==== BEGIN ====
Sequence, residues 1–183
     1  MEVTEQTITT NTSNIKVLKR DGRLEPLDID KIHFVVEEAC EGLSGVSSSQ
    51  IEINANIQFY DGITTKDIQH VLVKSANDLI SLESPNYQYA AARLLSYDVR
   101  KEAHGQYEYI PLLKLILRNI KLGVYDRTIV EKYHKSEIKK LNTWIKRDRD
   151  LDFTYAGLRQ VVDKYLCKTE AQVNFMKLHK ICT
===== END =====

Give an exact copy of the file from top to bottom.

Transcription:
Sequence, residues 1–183
     1  MEVTEQTITT NTSNIKVLKR DGRLEPLDID KIHFVVEEAC EGLSGVSSSQ
    51  IEINANIQFY DGITTKDIQH VLVKSANDLI SLESPNYQYA AARLLSYDVR
   101  KEAHGQYEYI PLLKLILRNI KLGVYDRTIV EKYHKSEIKK LNTWIKRDRD
   151  LDFTYAGLRQ VVDKYLCKTE AQVNFMKLHK ICT